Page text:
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Alice Starmore's Book of Fair Isle Knittingby Alice Starmore
Alice Starmore's tome of knitting is back in print after more than 20 years. A brief yet richly detailed history of fair isle knitting is combined with 200 pages of color-work ideas, patterns, and techniques for creating your own knitted fair isle gems, making this the only fair isle knitting book you will ever need. Every time I have a question about fair isle, this book has the answer, as well as the inspiration I need to create my own garments with this highly specialized knitting technique.
Synopses & Reviews
Scotland's Fair Isle is celebrated the world over for its distinctive, stranded-color knitting, and Alice Starmore is famous for her expertise in designing and instructing knitters in this appealing regional tradition. This volume is profusely illustrated with color photographs, plus drawings and charts that illustrate the art's history, patterns, and techniques.
A noted designer from the region of Scotland's Fair Isle explores the history and techniques of this distinctive, stranded-color knitting style and provides copious illustrated instructions for 14 original knitwear designs.
About the Author
An acclaimed textile designer, author, artist, and photographer, Alice Starmore is a native of Scotland's Isle of Lewis. Starmore has taught and lectured extensively throughout Britain, Europe, and the United States. She has written 16 books and countless magazine articles, and her classic Book of Fair Isle Knitting is the work that introduced Americans to the popular traditional technique.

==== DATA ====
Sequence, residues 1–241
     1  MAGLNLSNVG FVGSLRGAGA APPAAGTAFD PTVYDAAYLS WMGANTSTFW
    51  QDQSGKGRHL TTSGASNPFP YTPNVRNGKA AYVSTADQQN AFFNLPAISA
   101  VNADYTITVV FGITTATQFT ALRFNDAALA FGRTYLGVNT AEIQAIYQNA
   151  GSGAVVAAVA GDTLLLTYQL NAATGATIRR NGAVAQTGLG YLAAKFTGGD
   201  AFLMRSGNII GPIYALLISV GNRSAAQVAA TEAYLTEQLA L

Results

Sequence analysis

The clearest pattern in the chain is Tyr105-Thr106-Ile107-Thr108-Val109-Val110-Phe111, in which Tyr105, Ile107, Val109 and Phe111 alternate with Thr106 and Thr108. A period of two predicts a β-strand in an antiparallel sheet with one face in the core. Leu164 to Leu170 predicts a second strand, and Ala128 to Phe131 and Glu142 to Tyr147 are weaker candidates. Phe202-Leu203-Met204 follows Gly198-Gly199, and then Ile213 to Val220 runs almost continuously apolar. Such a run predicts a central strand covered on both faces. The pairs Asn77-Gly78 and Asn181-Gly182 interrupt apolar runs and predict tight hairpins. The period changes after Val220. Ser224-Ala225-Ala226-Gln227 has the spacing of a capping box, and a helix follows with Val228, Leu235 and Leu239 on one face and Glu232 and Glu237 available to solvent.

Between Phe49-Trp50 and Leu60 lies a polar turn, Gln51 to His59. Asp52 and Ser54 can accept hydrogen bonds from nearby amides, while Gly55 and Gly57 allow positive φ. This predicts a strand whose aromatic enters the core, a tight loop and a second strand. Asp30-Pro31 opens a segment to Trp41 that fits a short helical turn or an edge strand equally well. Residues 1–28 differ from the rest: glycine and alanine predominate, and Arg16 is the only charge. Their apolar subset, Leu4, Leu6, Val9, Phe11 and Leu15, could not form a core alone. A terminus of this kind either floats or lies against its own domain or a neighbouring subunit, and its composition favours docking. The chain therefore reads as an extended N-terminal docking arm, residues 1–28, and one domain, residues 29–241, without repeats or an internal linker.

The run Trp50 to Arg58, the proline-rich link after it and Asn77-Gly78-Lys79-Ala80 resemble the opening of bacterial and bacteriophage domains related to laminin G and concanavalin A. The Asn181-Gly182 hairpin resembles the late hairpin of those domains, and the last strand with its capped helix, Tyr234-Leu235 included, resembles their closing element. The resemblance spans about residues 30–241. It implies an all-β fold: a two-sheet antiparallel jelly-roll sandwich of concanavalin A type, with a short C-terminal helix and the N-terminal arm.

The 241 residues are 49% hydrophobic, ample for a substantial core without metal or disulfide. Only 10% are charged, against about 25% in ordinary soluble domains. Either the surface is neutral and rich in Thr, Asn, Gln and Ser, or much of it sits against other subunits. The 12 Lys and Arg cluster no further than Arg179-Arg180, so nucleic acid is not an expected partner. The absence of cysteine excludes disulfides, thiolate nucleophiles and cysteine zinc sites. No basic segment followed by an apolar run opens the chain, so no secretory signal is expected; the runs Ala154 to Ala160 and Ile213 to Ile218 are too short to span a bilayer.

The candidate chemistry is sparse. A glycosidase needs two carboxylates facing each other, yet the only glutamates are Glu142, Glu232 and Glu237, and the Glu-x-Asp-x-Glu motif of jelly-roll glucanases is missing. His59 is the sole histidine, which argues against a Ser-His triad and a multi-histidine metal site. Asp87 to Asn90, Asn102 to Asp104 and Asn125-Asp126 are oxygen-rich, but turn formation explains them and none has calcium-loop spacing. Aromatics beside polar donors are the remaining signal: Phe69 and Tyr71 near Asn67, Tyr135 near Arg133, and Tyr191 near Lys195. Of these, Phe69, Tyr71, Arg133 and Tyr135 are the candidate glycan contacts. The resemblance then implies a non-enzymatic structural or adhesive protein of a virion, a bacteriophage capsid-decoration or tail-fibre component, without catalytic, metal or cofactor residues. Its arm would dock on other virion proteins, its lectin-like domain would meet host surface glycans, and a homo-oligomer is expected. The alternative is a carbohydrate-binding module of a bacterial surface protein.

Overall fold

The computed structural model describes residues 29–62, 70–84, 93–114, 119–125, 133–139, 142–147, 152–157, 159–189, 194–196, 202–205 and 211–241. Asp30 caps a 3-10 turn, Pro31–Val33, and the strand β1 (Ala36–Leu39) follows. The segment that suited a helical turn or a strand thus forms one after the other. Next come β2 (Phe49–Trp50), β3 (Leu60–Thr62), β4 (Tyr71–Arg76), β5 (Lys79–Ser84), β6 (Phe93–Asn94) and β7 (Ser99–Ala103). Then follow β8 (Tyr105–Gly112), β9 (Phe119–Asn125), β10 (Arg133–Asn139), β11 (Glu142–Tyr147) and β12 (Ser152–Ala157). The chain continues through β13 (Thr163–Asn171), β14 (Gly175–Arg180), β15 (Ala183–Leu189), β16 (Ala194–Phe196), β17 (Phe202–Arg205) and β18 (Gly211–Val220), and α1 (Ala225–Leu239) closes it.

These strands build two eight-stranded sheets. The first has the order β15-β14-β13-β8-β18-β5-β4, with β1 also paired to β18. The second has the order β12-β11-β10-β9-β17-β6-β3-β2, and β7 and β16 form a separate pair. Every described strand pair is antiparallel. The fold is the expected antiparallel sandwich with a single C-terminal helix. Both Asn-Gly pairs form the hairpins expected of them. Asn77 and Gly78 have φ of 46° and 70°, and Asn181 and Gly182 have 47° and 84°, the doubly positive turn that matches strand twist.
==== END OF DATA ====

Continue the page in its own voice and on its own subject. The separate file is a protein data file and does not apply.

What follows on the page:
4 Questions with Alice Starmore: An Exclusive Dover Interview
Alice Starmore has a fascinating tale to tell. We spoke to the author of the #1 crafts bestseller Alice Starmore's Book of Fair Isle Knitting about her knitting background, professional start, and more.
Clearly, knitting is a deeply ingrained facet of the culture of Scotland's Outer Hebrides. Did your mother teach you to knit?
My mother taught me to knit when I was very young. She was a dressmaker as well as a knitter and our house was a place of constant creativity. I was also born at a time when most women knitted as a matter of course, and I had three aunts who had been fisher girls in their youth and were experts at making traditional fishermen's gansies.
I understand that your first language is Gaelic — do you still speak it?
Yes I still speak Gaelic. The Isle of Lewis, where I live, is in the Outer Hebrides — the heartland of Gaelic and the only place where you will hear the language in everyday use.
How did you get your start professionally?
I designed a small collection of knitwear in 1975 and successfully sold it in London boutiques. It was featured in a national newspaper and from that small beginning my knitting career evolved in ways that were quite unimaginable to me when I began.
Your books are known and loved around the world, and you've adapted design elements from the textile arts of many countries into your repertoire. Are you still discovering "new" aspects of knitting and fabric arts from other cultures?
I am interested in everything. I find inspiration in all aspects of the world around me. There is enough inspiration in the natural world on my doorstep to last many lifetimes. I am also inspired by art, culture, history, science and music. My own culture features widely in my design work but I have always been interested in other cultures and in other places. My main problem is that I cannot possibly live long enough to produce work from the amount of ideas that come into my head.
Table of Contents
A brief history
A wardrobe of patterns
Creating your own designs
About the Author
Sources of Supply
What Our Readers Are Saying
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Arts and Entertainment » Art » Textiles